Commuting has some mental and physical health benefits, claim researchers

commuters and commutingA new study from researchers at University College London claims that the journey to work has benefits for people’s mental health, fitness levels and work-life balance. According to the study into attitudes to commuting led by neuroscientist Joseph Devlin, around half of the 3,000 people surveyed said taking in the scenery by train was the ‘best part’ of heading into the while a quarter said it was the chance for ‘me time’, including reading, listening to podcast or catching up on emails.

Nearly half the 3,000 people surveyed by researchers said that being in the office put them in a better mindset for work, while 45 per cent felt that they were more productive in the office as they could share ideas with colleagues without having to take part in meetings or schedule a call.

“The commute delineates boundaries between home and work life and can be used to switch one off and transition to the other, which can have a positive impact on cognitive performance, wellbeing and productivity,” Joseph Devlin  said. “Just going to work generates more diverse experiences than working from home, especially through interactions with other people.”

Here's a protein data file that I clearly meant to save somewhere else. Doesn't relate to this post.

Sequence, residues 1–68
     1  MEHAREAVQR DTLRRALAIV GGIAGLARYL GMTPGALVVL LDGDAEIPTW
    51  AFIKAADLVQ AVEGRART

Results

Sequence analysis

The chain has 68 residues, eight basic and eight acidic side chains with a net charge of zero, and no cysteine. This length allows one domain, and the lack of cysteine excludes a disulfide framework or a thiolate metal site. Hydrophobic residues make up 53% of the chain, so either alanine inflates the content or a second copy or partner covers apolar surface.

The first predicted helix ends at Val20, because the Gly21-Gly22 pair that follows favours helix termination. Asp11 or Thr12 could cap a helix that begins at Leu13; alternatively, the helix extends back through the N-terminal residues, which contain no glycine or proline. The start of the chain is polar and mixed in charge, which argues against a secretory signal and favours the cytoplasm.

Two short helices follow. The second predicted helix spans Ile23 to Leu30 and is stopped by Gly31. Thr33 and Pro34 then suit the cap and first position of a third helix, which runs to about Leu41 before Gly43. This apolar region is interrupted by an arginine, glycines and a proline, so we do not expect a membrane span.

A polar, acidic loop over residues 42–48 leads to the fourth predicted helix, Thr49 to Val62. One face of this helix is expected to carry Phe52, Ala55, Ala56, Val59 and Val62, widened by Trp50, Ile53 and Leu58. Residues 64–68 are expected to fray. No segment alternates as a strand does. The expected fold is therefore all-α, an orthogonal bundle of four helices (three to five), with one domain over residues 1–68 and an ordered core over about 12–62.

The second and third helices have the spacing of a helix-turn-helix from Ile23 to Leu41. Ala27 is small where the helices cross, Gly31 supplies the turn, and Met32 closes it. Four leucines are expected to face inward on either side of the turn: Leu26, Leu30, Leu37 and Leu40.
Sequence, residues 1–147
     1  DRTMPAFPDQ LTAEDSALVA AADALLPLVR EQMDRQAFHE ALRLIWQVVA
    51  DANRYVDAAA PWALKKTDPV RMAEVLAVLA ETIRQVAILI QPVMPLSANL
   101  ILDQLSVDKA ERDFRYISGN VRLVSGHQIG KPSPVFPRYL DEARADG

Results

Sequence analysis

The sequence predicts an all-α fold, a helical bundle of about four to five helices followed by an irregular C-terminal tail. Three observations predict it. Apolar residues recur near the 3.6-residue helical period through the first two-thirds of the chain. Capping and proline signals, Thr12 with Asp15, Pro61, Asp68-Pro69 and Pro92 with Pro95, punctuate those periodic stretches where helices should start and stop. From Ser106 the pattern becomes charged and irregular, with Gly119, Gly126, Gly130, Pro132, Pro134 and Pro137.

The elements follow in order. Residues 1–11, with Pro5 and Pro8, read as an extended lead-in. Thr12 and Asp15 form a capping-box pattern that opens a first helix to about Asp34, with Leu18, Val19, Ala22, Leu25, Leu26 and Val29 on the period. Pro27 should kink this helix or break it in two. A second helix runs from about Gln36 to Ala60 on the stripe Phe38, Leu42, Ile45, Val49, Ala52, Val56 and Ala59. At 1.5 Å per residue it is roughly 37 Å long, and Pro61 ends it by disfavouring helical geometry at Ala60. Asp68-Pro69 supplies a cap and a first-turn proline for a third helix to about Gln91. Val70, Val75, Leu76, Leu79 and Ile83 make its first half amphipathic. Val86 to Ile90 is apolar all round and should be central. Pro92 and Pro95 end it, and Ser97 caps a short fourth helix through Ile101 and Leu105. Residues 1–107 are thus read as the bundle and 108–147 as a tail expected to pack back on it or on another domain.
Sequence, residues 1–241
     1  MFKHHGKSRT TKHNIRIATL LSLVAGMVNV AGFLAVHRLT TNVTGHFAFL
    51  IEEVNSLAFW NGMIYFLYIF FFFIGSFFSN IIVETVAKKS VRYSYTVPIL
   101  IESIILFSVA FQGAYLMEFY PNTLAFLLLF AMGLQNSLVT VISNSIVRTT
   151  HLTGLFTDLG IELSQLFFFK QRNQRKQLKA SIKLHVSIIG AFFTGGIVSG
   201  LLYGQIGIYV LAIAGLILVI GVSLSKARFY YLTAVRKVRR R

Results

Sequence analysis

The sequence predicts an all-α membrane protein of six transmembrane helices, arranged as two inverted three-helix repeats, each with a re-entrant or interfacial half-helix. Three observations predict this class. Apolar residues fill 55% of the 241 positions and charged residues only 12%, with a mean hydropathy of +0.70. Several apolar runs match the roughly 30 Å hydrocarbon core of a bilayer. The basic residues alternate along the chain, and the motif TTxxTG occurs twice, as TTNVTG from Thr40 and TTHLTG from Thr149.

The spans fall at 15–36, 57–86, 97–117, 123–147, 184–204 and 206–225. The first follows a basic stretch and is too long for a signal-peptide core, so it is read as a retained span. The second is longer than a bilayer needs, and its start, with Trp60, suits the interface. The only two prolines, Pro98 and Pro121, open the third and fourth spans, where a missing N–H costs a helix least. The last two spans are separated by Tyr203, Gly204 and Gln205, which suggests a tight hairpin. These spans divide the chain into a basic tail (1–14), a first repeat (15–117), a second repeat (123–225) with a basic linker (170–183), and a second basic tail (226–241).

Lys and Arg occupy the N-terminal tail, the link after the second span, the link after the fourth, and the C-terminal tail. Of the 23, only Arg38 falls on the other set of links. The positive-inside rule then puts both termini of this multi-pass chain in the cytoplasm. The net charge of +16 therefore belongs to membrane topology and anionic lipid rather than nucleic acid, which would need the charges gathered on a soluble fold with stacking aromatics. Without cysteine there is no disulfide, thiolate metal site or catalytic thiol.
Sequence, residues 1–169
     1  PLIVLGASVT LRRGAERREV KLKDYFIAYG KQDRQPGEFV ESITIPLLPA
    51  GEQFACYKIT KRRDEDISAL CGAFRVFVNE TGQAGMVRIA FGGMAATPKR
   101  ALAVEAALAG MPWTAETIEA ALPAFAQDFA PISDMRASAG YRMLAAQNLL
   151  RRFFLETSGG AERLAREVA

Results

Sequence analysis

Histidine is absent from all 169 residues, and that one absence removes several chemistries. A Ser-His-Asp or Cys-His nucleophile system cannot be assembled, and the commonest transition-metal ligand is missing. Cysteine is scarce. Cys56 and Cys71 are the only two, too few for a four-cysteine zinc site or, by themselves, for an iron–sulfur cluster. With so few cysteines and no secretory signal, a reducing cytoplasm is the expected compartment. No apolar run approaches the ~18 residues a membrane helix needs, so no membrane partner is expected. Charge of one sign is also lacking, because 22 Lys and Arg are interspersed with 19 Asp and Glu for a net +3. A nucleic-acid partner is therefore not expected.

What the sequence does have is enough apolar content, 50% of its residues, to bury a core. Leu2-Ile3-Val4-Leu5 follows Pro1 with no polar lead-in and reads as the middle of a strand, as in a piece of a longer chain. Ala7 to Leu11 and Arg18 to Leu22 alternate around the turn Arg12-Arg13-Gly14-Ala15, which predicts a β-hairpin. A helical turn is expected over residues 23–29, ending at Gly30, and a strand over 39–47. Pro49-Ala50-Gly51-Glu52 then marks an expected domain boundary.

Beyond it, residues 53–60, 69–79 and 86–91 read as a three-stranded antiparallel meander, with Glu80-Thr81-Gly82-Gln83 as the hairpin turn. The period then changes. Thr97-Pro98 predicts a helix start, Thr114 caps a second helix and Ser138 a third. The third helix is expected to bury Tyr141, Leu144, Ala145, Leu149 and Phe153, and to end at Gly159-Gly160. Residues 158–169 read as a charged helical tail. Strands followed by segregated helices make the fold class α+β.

Meanwhile, 50 percent admitted to eating more light meals while working from home, and 43 percent said they were distracted by housework, deliveries and long lunches.

The study follows reports that people have been creating fake commuting experiences to address their wellbeing and reintroduce structure and engineered familiarity to their working days.

The abrupt shift to remote work brought challenges, British researchers from schools including University College London, University of Birmingham and Northumbria University said in a written submission to the UK Government, describing the rise in the numbers of people taking part in pretend commutes. According to the evidence, many workers have simply used the time they would have been commuting to work to spend more time working.